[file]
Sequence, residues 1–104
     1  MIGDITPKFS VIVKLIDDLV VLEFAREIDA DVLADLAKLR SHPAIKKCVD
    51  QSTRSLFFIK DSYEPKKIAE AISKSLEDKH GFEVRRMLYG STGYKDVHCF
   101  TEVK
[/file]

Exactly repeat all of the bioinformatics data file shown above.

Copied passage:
Sequence, residues 1–104
     1  MIGDITPKFS VIVKLIDDLV VLEFAREIDA DVLADLAKLR SHPAIKKCVD
    51  QSTRSLFFIK DSYEPKKIAE AISKSLEDKH GFEVRRMLYG STGYKDVHCF
   101  TEVK